For people preoccupied with avoiding dietary fat, the Chanukah menu is not the place to look. After all, this holiday features oil very highly, and one tablespoon of it contains 15g of fat. Luckily, we’ve made a lot of progress since the late 1980’s, the early days of the low-fat craze. The prevailing belief of the time was that if fat was bad, then less was better – and fat-free must be best! Unfortunately, that theory didn’t work out too well, as evidenced by the steady increase in obesity rates despite the fat-free focus. People discovered that no fat did not mean no calories, and freely consuming foods that were low in fat did not help them achieve the weight loss they anticipated. There was a shift in focus as we gained a better understanding of the elements of successful weight loss and learned that fat did not need to be studiously avoided. We’ve also become aware that some fat is actually GOOD for you.
Because fat packs quite a caloric punch (one gram of fat contains more than twice the amount of calories in one gram of protein or carbohydrate), it should be included in limited amounts to ensure a good balance of calories. The 2010 Dietary Guidelines for Americans advise that dietary fat should compose 20%-35% of one’s daily caloric intake. But once you make it fit, fat provides many benefits. It improves the texture and flavor of food, making your meal more enjoyable and satisfying. Plus, adding fat to your food can actually enhance the absorption of other nutrients. The fat-soluble vitamins A,D,E, and K require fat for absorption and transport, so using a little fat in your salad dressing will help you make the most of your veggies.
To promote a healthy cardiovascular system, try including some sources of monounsaturated fat, such as olives, olive oil, canola oil, almonds, cashews, hazelnuts, peanuts, peanut oil, peanut butter, pecans, sesame seeds, pistachios, and avocado. Also, you’ll want to incorporate omega-3 fatty acids, a heart-healthy polyunsaturated fat that provides many additional health benefits. Naturally-occurring omega-3s can be found in fatty fish (such as tuna, salmon, and sardines), walnuts, flaxseed, and their oils.
One class of fats has earned itself a particularly bad reputation – trans fats. These fats raise levels of LDL, the type of cholesterol associated with increased risk of heart disease. They also decrease levels of HDL, a protective type of cholesterol. Most of the trans fats in our diet are artificially created through a process called hydrogenation that converts liquid oils into solid fats. This adds texture to processed foods and extends shelf life. As awareness of the health risks of trans fats began to grow, many manufactures began removing trans fats from their products, so these fats are now easier to avoid. Likely sources are processed foods such as crackers, cookies, pastries, snacks, and deep-fried fast foods. Check labels for the trans fat content and read the ingredient list to limit foods made with partially hydrogenated vegetable oil or shortening.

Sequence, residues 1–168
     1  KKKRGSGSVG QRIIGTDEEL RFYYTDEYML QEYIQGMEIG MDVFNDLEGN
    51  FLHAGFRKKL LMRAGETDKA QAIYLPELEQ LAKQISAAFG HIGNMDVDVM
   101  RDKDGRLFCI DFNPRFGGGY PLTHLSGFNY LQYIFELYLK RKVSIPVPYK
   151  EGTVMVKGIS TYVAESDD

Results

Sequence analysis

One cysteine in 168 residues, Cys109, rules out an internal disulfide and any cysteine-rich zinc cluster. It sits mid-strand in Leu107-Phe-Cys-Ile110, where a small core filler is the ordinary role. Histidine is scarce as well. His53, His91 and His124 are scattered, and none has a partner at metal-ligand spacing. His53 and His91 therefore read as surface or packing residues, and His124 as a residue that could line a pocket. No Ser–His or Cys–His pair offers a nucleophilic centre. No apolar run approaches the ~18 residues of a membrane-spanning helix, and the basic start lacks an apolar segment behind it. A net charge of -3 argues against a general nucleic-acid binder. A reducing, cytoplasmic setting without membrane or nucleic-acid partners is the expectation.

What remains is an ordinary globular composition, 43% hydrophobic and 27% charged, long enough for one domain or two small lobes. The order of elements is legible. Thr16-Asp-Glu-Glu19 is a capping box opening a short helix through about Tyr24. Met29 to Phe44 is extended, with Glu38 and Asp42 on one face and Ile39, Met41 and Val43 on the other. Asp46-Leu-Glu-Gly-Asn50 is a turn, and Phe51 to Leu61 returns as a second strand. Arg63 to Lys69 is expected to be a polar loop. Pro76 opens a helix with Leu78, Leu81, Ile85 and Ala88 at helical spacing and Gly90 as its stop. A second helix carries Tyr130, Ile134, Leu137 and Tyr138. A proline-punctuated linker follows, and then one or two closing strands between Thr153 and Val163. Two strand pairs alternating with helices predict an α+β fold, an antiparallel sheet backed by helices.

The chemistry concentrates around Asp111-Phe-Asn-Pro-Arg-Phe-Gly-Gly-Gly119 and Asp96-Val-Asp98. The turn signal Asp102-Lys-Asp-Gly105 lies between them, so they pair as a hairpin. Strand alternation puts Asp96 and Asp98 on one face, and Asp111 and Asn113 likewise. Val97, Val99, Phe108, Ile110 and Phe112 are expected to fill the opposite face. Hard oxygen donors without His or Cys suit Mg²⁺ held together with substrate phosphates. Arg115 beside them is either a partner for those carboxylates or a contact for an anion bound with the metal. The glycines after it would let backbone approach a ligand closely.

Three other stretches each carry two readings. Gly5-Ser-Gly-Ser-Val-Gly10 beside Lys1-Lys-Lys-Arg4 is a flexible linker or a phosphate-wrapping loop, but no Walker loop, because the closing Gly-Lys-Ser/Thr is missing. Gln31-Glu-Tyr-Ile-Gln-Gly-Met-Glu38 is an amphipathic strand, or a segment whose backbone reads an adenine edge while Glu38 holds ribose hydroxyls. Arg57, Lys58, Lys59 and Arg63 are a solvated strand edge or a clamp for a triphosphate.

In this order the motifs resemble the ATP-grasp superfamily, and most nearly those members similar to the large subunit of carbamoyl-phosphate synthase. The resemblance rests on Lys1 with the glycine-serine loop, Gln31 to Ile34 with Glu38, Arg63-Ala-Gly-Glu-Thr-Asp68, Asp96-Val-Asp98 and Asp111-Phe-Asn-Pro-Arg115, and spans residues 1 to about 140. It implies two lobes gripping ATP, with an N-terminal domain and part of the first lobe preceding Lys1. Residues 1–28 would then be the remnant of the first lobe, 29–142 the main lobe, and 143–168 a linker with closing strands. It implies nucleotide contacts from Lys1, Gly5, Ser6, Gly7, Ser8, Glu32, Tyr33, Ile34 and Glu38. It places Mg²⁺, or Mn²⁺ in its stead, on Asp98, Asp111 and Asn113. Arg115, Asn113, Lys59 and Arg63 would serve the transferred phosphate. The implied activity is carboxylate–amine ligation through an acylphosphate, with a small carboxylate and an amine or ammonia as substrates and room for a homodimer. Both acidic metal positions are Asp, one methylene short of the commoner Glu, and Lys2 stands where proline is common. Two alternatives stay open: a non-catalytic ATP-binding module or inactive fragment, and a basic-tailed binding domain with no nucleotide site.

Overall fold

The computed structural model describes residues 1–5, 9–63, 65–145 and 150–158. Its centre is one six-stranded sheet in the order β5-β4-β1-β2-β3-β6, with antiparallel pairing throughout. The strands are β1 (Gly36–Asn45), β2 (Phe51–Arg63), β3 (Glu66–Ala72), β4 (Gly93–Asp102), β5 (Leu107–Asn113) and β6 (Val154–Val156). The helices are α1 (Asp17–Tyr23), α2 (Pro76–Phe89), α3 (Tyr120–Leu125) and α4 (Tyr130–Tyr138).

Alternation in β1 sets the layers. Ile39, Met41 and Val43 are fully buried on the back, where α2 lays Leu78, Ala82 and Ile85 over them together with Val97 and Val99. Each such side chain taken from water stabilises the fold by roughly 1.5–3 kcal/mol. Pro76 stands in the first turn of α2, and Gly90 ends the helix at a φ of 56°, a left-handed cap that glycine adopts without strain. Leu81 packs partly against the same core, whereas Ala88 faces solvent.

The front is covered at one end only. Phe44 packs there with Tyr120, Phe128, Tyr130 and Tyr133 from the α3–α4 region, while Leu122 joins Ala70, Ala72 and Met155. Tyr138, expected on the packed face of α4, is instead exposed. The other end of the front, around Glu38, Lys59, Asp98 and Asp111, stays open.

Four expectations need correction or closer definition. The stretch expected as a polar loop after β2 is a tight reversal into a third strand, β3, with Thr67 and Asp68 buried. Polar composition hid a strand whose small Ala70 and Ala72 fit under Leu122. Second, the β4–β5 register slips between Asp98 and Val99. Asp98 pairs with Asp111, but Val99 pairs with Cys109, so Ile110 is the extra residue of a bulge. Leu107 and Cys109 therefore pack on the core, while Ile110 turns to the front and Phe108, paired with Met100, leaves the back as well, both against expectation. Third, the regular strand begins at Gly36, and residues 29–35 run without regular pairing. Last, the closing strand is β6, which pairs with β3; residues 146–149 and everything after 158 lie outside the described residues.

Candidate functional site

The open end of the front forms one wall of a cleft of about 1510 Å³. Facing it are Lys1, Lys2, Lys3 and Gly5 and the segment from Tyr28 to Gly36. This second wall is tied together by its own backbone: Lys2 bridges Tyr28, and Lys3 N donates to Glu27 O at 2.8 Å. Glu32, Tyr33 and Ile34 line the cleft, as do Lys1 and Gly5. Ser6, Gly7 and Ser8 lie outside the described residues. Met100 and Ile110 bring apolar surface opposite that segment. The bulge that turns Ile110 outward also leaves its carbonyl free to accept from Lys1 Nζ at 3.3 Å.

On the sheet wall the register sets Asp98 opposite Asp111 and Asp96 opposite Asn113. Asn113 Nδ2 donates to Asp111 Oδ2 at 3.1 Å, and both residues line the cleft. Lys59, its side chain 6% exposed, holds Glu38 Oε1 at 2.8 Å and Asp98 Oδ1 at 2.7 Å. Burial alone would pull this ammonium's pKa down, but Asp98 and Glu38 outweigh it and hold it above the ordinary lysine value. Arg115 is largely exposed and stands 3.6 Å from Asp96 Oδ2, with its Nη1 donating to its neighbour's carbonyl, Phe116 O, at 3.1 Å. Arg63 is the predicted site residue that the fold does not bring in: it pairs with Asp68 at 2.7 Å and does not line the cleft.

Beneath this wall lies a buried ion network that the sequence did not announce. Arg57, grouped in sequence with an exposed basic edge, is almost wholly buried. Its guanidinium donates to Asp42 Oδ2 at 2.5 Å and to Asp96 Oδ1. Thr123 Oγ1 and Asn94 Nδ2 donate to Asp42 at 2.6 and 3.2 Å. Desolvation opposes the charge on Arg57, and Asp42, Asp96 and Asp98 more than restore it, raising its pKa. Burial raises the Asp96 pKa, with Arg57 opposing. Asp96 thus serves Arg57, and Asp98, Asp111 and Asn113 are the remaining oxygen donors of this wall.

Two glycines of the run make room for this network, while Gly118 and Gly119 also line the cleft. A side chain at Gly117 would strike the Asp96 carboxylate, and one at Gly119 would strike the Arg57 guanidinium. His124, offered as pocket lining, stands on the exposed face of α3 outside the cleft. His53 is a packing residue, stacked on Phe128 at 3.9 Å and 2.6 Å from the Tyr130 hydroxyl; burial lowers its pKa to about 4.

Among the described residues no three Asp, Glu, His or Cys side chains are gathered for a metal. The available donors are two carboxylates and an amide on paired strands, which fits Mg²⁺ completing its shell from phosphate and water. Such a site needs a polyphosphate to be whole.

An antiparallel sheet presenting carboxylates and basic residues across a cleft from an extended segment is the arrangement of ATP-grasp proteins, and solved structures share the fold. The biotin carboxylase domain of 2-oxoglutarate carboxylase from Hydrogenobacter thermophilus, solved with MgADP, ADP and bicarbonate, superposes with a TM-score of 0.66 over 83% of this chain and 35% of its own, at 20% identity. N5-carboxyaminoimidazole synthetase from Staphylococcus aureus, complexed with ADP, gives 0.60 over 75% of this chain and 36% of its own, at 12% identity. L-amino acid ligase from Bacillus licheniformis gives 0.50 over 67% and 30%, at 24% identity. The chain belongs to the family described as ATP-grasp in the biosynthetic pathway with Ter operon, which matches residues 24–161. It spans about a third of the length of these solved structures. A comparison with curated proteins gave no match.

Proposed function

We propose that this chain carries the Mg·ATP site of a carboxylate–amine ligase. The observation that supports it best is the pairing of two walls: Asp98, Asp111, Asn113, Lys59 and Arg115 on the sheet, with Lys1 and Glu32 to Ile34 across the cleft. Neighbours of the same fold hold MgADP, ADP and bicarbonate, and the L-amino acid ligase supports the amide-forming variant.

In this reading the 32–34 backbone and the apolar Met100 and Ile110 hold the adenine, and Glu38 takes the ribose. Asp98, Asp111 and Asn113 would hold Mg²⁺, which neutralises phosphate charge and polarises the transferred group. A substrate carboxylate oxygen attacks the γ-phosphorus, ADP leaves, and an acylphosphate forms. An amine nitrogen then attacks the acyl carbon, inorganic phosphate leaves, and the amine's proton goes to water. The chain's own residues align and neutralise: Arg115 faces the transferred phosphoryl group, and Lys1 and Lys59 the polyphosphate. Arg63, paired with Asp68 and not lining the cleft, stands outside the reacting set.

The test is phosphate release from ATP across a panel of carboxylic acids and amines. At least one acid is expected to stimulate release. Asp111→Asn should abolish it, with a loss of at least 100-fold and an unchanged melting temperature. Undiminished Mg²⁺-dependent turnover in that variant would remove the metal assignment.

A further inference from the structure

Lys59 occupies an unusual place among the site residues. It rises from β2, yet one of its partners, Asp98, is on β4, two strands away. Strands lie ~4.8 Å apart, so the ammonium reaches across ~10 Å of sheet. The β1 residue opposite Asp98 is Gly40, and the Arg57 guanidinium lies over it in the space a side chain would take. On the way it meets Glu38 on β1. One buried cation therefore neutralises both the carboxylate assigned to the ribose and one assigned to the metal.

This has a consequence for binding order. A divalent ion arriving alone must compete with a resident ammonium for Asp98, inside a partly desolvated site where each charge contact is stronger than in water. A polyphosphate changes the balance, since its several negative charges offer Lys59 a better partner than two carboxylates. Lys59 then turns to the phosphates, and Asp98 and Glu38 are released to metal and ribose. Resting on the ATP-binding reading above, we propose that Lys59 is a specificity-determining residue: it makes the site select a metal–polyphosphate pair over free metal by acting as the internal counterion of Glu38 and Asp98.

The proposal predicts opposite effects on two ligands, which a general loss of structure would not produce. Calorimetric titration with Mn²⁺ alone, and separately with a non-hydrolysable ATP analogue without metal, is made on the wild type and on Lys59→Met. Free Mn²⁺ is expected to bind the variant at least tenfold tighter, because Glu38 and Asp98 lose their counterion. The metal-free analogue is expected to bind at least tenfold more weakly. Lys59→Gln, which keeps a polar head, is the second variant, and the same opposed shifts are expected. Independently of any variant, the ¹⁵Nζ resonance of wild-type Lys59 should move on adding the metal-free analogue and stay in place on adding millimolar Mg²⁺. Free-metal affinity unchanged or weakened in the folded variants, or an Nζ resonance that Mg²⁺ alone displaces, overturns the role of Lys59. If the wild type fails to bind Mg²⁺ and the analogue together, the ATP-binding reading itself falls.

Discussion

An interesting issue these days is how to categorize saturated fats. These fats are solid at room temperature and are found in animal foods such as meat, poultry, and dairy, as well as coconut oil. For a long time, saturated fat was considered harmful and was implicated in increasing the risk of cardiovascular disease, which is why we’ve been advised to limit butter and steak all these years. Surprisingly (or perhaps not surprisingly?), new research indicates that this may not be the case after all. As is the case with fats in general, not all saturated fats are created equal. Within the category of saturated fats, there are different kinds of fatty acids that have specific functions, and various fatty acids may play different roles in causing and preventing disease. A recent study in the American Journal of Clinical Nutrition (1) concluded that there was no significant evidence for determining that dietary saturated fat is associated with an increased risk of cardiovascular disease. A high intake of dairy products, including full-fat dairy, has been shown to decrease cardiovascular disease. In fact, recent research shows that high intake of low-fat dairy foods may increase the risk of certain health conditions whereas intake of high-fat dairy foods may decrease this risk. Are you confused yet?!
Fortunately, one fact remains indisputable: fat does add calories quickly, so be sure to make your choice worthwhile. Olive oil is a great one – include it all year round! For tips on making good choices over Chanukah, check out “Be a Food Snob” right here on my Kosher Scoop blog.
- Siri-Tarino PW, Sun Q, Hu FB, Kraus RM (2010) Meta-analysis of prospective cohort studies evaluating the association of saturated fat with cardiovascular disease. Am J Clin Nutr 91:535–546